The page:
On the other side of these innovative buildings is Isola. As its name indicates, the former working class area was like an island cut off from the centre of Milan, sitting behind the Porta Garibaldi train tracks. Since the metro reached the area, it’s become the 'in place' to live with a number of great restaurants and bars cropping up. Isola is now considered one of the coolest places to live in Milan - for everyone from creatives to young city slicker business types. The creative types have decked it out with great street art, like the murals on Via Carmagnola and Angelo della Pergola.
All all the new buzz in the area has led to a rapid upswing in contemporary restaurants and bars. With a cosy yet industrial look, Sulle Nuvole, meaning “on the clouds,” has a number of inventive dishes on the menu. Got a hankering for pizza? Go to Berberé, a modern pizzeria that daringly uses sourdough instead of traditional Napoletano style dough – you might find yourself an immediate convert. To please all tastes there’s Capra e Cavoli, an enchanting venue with a menu roughly split between refined vegan, vegetarian and fish dishes. Can’t decide if you want a bar or a restaurant? Head to the area’s outpost of The Botanical Club of Milano, a hip bar serving creative cocktails and small plates or opt for aperitivo or late night drinks on the garden terrace of Frida.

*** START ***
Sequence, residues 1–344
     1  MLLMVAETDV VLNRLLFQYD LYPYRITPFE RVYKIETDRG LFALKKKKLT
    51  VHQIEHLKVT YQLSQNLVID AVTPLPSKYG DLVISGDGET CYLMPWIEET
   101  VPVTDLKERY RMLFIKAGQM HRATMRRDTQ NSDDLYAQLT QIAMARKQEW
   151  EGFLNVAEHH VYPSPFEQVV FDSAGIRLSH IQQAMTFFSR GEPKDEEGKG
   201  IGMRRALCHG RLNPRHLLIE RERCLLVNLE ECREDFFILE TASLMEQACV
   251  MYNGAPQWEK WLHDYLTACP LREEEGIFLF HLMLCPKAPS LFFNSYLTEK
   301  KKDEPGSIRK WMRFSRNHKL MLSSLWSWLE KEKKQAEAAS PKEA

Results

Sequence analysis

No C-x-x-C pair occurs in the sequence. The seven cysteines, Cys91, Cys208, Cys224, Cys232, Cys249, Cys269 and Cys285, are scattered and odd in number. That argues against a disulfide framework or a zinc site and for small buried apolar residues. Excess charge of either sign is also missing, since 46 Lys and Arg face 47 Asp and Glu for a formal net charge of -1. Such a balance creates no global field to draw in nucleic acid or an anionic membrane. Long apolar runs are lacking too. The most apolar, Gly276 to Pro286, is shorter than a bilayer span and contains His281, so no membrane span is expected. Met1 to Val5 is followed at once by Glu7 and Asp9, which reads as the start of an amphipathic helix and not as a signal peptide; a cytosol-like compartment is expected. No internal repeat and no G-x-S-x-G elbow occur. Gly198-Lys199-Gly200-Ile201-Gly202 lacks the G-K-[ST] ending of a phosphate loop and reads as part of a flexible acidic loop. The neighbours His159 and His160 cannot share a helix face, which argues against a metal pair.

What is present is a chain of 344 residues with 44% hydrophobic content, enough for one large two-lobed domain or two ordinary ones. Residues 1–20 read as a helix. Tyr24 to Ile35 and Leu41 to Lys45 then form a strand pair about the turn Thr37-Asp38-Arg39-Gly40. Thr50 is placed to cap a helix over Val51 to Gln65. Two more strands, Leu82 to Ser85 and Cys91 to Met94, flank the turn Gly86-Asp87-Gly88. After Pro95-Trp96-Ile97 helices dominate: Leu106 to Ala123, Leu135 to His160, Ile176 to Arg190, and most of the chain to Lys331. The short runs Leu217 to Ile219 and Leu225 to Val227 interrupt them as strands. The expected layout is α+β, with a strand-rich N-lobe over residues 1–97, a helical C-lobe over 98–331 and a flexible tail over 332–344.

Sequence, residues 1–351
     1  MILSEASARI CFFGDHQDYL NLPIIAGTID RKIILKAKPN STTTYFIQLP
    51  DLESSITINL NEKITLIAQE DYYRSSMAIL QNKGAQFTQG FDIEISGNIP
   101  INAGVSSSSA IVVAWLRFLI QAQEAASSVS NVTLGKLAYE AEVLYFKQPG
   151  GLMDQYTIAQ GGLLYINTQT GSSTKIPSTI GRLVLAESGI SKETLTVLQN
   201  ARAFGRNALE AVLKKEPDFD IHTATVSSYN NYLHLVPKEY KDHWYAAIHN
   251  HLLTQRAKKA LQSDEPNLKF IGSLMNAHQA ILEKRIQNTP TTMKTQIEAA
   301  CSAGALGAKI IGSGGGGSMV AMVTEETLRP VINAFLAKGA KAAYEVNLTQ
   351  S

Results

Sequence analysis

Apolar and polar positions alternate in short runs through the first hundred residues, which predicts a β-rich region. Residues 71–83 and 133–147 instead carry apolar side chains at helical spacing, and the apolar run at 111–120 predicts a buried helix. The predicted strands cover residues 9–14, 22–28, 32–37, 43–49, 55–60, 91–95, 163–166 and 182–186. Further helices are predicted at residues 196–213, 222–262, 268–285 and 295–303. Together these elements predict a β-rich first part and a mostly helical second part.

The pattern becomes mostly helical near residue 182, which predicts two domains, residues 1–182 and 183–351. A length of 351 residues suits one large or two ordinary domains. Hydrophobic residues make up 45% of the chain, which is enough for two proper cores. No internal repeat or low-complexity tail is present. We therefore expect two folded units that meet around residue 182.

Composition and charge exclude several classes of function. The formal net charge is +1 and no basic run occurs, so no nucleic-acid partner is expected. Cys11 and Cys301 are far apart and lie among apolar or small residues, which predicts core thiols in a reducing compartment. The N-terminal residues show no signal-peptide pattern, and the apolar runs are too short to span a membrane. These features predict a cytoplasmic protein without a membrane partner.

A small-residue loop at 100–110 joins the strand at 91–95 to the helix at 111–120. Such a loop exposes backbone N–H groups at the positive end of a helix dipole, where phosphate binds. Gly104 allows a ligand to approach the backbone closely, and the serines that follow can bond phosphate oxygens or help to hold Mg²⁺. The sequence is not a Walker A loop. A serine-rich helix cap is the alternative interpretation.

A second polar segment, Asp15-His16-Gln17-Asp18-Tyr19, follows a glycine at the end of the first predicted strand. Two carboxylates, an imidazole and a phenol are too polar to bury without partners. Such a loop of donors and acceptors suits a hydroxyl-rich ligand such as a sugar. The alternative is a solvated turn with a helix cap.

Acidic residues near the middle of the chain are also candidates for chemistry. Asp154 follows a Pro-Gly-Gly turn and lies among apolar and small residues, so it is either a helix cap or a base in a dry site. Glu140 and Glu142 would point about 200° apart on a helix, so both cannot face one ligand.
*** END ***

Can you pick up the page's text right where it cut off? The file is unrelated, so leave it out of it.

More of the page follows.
We know - not everyone wants to play tourist. If that’s the case with you (which we'd hope) and if you’d like to hobnob with real Milanese people, this very local neighbourhood in the southeast is where to stay in Milan for you. In addition to Porta Romana's excellent restaurants, bustling bars, elegant historic buildings and laid back vibe, you can get to the Duomo area on foot, reach other districts by its convenient metro or tram connections. Also, it's home to one of the coolest spas in the world. More on that below.